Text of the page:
• No test dose is required.
  • Monitor HR, RR, & BP q15 min for 1-2 hrs after test dose is started.
  • The total Fe deficit (dose) is administered in small installments of 125 mg Fe or less. Each dose is diluted in 100 mL of NS and infused over 60 min.
  • May also be administered undiluted as a slow IV injection at a rate not exceeding 12.5 mg/min (1 mL/min).
  • Most HD patients require 1 gram of Fe over eight sequential dialysis sessions.
  • IV iron products are not to be mixed with other iv medications
  • >10% of pts experience hypotension and flushing
  • 1-10% severe hypotension, chest pain, hypertension, syncope, tachycardia, angina, MI, pulmonary edema, hypovolemia, peripheral edema, headache, fatigue, fever malaise, dizziness, paresthesia, insomnia, agitation, rash, pruritus, hyperkalemia / hypokalemia, hypoglycemia, , abdominal pain, N/V, diarrhea, dyspepsia, flatulence, UTI, back pain, myalgia, arthralgia, paresthesia, blurred vision, conjunctivitis, dyspnea, cough, pneumonia,
  • 3.4% of pts: Hypersensitivity reactions, rigors, chills, flu-like syndrome, and diaphoresis.
  • <1% Epigastric pain, groin pain
  • Iron Sucrose

  • Iron sucrose is also known as iron saccharate and described as polynuclear iron (III) hydroxide sucrose complex.
  • Apparent mol wt ranges from 34 to 60 kD

    Available as: 20 mg/mL, 5-mL vials (100 mg per vial).

  • No test dose is required.
  • Most patients require a total of 1 g Fe divided over 10 dialysis sessions (100 mg / session).
  • May be administered as iv push undiluted at the rate of 1 mL/min. " Each iv push dose should be limited to 100 mg. However, higher doses (200 mg) have been administered as iv push (over 10 min).
  • Should not exceed three doses per week.
  • Each 5-mL vial may be diluted in a maximum 100 mL NS (final concentration = 1 mg/mL) and administered over at least 20 minutes.
  • Doses as high as 500 mg have been infused in a single 2-hour session. This rate was associated with higher incidence of side effects such as nausea, hypotension, dizziness, and lower-back pain.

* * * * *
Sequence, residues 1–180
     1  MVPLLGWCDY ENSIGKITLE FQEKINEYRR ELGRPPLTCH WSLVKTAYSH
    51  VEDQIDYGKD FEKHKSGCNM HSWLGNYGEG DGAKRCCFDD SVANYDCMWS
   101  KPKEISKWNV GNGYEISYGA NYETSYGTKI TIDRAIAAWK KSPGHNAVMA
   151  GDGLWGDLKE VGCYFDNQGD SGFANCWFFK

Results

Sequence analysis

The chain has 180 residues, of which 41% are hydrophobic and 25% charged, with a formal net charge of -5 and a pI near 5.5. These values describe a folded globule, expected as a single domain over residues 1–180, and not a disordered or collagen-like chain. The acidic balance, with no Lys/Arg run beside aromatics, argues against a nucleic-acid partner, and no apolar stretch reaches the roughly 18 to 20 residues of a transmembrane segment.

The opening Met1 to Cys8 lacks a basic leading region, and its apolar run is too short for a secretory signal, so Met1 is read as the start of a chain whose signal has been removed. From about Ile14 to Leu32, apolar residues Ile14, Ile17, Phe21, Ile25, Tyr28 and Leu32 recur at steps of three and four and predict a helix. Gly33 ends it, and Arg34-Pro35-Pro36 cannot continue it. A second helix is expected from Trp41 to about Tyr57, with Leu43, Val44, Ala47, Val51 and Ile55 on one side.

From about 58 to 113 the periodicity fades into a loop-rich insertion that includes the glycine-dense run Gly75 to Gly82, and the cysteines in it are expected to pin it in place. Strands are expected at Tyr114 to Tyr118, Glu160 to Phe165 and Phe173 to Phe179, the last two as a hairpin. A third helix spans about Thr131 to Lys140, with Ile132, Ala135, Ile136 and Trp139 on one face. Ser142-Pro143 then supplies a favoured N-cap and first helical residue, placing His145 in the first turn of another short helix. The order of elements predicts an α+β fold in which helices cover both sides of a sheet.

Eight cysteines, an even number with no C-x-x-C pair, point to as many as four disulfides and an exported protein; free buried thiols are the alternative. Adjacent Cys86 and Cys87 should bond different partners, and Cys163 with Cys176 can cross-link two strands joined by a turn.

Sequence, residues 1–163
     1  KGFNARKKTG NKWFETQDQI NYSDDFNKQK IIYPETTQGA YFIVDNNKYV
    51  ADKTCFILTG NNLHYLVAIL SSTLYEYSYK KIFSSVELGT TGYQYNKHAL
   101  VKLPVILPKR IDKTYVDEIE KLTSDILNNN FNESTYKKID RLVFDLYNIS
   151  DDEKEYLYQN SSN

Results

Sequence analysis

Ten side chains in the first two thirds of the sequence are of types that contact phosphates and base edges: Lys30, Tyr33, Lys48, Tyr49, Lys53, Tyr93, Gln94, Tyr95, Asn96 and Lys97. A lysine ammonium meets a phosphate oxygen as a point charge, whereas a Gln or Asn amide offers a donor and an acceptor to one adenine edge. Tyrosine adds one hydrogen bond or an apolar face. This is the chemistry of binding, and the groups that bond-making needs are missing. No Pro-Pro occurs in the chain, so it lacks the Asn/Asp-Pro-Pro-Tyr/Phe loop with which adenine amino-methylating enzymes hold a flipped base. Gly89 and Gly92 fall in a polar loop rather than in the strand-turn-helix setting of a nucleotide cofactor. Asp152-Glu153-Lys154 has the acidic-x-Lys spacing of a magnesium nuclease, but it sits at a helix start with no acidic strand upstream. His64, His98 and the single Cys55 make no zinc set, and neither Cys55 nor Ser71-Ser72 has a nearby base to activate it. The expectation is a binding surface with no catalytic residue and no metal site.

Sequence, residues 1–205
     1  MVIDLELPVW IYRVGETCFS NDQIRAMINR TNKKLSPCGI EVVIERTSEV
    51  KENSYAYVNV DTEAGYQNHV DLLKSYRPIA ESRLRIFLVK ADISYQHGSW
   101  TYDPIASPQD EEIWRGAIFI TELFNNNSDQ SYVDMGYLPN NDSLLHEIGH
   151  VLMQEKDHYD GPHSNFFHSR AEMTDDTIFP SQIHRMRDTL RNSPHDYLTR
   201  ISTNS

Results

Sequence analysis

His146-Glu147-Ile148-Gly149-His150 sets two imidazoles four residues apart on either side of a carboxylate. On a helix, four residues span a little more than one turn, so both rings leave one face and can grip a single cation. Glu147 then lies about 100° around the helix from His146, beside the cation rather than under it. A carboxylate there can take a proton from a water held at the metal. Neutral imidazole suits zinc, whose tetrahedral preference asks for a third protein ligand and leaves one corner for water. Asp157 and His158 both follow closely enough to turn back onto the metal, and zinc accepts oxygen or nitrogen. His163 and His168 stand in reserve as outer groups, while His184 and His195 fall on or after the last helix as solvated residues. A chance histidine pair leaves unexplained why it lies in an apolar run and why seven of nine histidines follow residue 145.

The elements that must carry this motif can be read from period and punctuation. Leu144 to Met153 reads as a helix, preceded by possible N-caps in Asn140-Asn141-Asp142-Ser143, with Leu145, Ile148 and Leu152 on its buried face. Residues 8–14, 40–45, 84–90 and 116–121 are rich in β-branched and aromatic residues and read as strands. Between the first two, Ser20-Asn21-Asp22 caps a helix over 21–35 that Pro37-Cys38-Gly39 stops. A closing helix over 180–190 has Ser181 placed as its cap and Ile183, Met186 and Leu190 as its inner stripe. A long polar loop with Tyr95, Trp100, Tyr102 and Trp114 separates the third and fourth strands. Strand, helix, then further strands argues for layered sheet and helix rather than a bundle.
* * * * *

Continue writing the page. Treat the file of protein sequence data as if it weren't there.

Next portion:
• Doses of 200-300 mg infused over 2 hours have been used safely.
  • Venofer should not be mixed with other medications.
  • >20% of pts experience hypotension and cramps (23%).
  • >5% of pts experience nausea, headache, vomiting, and diarrhea
  • >1% of pts, fever, pain, asthenia, malaise, chest pain, hypertension, elevated liver enzymes, abdominal pain, dizzy, dyspnea, pneumonia, cough, pruritus, and application site reaction
  • Some pts experienced hypersensitivity reactions including anaphylactoid reaction.
  • References
    1. Product information inserts.
    2. Chandler G et al. Intravenous iron sucrose: establishing a safe dose. Am J Kidney Dis. 2001;38(5):988-91.
    3. Charytan C et al. Efficacy and safety of iron sucrose for iron deficiency in patients with dialysis-associated anemia: North American clinical trial. Am J Kidney Dis. 2001;37(2):300-7.
    4. Prakash S et al. Experience with a large dose (500 mg) of intravenous iron dextran and iron saccharate in peritoneal dialysis patients. Perit Dial Int. 2001;21(3):290-5.
    5. Horl WH. Re: Experience with a large dose (500 mg) of intravenous iron dextran and iron saccharate in peritoneal dialysis patients. Perit Dial Int. 2001;21(5):527-8.
    6. MacDougall IC. Intravenous administration of iron in epoetin-treated haemodialysis patients--which drugs, which regimen? Nephrol Dial Transplant. 2000;15(11):1743-5.
    7. Eschbach JW. Current concepts of anemia management in chronic renal failure: impact of NKF-DOQI. Semin Nephrol. 2000;20(4):320-9.
    8. Van Wyck DB et al. Safety and efficacy of iron sucrose in patients sensitive to iron dextran: North American clinical trial. Am J Kidney Dis. 2000;36(1):88-97.
    9. Silverberg DS et al Intravenous iron for the treatment of predialysis anemia. Kidney Int Suppl. 1999;69:S79-85.
    10. Johnson CA et al. Intravenous iron products. ANNA J. 1999;26(5):522-4.
    11. Gupta A. Pathogenesis of anaphylactoid reactions to intravenous iron. Am J Kidney Dis. 2000;35(2):360-1.
    12. Fishbane S, Magner J. Sodium ferric gluconate complex in the treatment of iron deficiency for patients on dialysis. Am J Kid Dis 2001; 37:870-83